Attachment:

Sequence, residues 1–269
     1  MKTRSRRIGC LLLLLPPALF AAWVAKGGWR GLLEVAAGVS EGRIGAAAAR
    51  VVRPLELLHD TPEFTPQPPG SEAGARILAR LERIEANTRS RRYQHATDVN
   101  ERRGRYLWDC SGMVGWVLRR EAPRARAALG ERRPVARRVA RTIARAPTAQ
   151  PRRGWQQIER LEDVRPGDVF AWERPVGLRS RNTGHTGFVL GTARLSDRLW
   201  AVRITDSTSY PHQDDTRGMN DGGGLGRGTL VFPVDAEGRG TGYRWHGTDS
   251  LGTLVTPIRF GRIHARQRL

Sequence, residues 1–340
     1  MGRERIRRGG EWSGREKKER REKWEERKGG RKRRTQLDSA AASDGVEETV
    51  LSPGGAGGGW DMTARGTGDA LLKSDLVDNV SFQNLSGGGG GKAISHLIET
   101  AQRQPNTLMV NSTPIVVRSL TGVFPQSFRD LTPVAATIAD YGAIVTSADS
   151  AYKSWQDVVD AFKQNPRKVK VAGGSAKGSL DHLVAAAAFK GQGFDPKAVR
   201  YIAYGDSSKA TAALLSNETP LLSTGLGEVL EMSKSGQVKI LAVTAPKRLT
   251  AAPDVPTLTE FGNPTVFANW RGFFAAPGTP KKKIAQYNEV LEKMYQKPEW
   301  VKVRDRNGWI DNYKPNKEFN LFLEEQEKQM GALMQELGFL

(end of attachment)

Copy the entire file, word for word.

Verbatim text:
Sequence, residues 1–269
     1  MKTRSRRIGC LLLLLPPALF AAWVAKGGWR GLLEVAAGVS EGRIGAAAAR
    51  VVRPLELLHD TPEFTPQPPG SEAGARILAR LERIEANTRS RRYQHATDVN
   101  ERRGRYLWDC SGMVGWVLRR EAPRARAALG ERRPVARRVA RTIARAPTAQ
   151  PRRGWQQIER LEDVRPGDVF AWERPVGLRS RNTGHTGFVL GTARLSDRLW
   201  AVRITDSTSY PHQDDTRGMN DGGGLGRGTL VFPVDAEGRG TGYRWHGTDS
   251  LGTLVTPIRF GRIHARQRL

Sequence, residues 1–340
     1  MGRERIRRGG EWSGREKKER REKWEERKGG RKRRTQLDSA AASDGVEETV
    51  LSPGGAGGGW DMTARGTGDA LLKSDLVDNV SFQNLSGGGG GKAISHLIET
   101  AQRQPNTLMV NSTPIVVRSL TGVFPQSFRD LTPVAATIAD YGAIVTSADS
   151  AYKSWQDVVD AFKQNPRKVK VAGGSAKGSL DHLVAAAAFK GQGFDPKAVR
   201  YIAYGDSSKA TAALLSNETP LLSTGLGEVL EMSKSGQVKI LAVTAPKRLT
   251  AAPDVPTLTE FGNPTVFANW RGFFAAPGTP KKKIAQYNEV LEKMYQKPEW
   301  VKVRDRNGWI DNYKPNKEFN LFLEEQEKQM GALMQELGFL